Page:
Death cometh for Windows XP?

March 21, 2014 at 7:58 am | Posted in Microsoft, Technical Tips, Vendor news | Leave a comment
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Microsoft has announced that as of April 8, 2014 there will no longer be any technical assistance for Windows XP. There will be no more automatic updates for Windows XP. You will be able to receive anti-malware signature updates if you have installed Microsoft Security Essentials for a limited time after 4/8/2014.  With no security patches to protect it, is this the death of Windows XP?


I am not sure how to react to the death of Windows XP. Do I put on a coat and tie, invite some other XP users over, and say some nice words about the operating system? Do I sing “Dust in the Wind” like Will Ferrell did in  the movie “Old School”at the funeral for the beloved character “Blue”?


What I do know is that my Windows XP computer will not drop dead on 4/8/2014, but the risk of a Windows XP computer getting hacked increases significantly.

Who cares, you say? No one runs Windows XP anymore, you say? That is not quite true. As of December 2013, Windows XP computers represented  30%  market share according to  According to the NCR corporation, 95% of the ATMs worldwide run Windows XP.  Not to mention the number of medical devices using Windows XP.  My coworker Ann snapped this photo during an unscheduled visit to the emergency room at a major metropolitan hospital on 3/14/14:


The end of support for Windows XP will require many companies to make decisions on the future of their products.  Product manufacturers will need to upgrade to stay ahead of any compliance issues caused by a lack of security updates.

Companies have been lukewarm to Windows 8, so I do not expect them to jump on the Windows 8 bandwagon. However, Windows 7 has been  up and running for several years and has a solid install base of about 47%, according to  Granted, hardware will need to be upgraded or replaced to support the upgrade, but there are many other choices besides Windows 7.  Linux and Android have a chance to take advantage of this change.  Could the death of Windows XP mean Microsoft no longer dominates the operating system market?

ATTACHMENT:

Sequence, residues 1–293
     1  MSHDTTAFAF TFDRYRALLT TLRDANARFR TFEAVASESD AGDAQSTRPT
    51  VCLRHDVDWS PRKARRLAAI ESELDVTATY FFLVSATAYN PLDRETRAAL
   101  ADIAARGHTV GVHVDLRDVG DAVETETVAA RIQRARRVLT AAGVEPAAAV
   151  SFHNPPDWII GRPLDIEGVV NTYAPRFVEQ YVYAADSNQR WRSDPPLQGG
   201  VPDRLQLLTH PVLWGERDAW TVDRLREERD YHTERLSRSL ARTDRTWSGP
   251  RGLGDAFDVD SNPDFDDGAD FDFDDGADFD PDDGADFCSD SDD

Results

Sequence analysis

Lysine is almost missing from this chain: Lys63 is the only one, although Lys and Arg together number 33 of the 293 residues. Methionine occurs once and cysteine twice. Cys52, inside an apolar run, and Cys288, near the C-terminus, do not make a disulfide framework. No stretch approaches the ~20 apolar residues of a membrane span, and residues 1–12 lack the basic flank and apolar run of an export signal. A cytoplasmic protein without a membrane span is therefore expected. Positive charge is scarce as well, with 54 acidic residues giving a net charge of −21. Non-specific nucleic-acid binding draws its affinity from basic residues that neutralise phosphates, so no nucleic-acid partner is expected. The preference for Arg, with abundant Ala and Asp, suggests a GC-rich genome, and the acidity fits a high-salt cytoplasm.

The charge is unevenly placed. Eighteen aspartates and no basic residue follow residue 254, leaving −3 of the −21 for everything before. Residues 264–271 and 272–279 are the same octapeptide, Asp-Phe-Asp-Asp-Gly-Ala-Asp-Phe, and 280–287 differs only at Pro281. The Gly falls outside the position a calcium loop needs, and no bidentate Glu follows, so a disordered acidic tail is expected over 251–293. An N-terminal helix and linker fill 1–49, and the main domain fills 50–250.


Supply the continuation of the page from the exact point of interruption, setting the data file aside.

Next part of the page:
In the past, companies continued to offer applications to customers who ran on outdated operating systems especially in the medical industry. I expect that companies will still support applications that run on Windows XP long after the end of the support date. People will still use old operating systems and drive old cars.  For example, I drive a car that is more than 41 years old, and I clock more than 8,500 miles a year on that car:


My 1973 Volkswagon Beetle is not as safe as a car manufactured after 2010.  I drive it because it’s fun to drive, but I take precautions.  I will not drive the car for more than 100 miles at a time. I always make sure that I have an auto club subscription like AAA.  If you drive an old car, you know you’ll need to upgrade the brakes, upgrade the head lights, and upgrade the safety belts. I replaced the ignition in 2014. Similarly, if you decide to keep Windows XP on your home machine or have your company’s applications continue to run on Windows XP, you will need to keep a few things in mind:

  • Older Internet browsers are lightning rods for security hacks. Upgrade those browsers to the latest version that will run on Windows XP.
  • Keep up-to-date anti-virus and anti-malware software.  Microsoft will support anti-malware signatures for some time after the end of support date. Look for third-party companies that may continue to provide anti-virus and anti-malware support for Windows XP.
  • Scale back privileges on the computer.  Restrict administrator privileges anywhere possible to minimize risks.
  • Have a plan to move data to a new operating system.

Microsoft offers a free program to migrate your data from Windows XP to Windows 8.1 called LapLink. The program will transfer your data, but will NOT migrate your applications.  There are several third party applications that will transfer data and applications that you can purchase such as PCmover.

Although we do not like to think about it, death comes for us all.  Like my father, the insurance salesman, would say, “You always need to provide for the inevitability of death”.  If you have Windows XP, death is knocking on the door. Make sure that you insure yourself against the security risks of running Windows XP and have a plan for moving data to a new operating system.


Good Luck!

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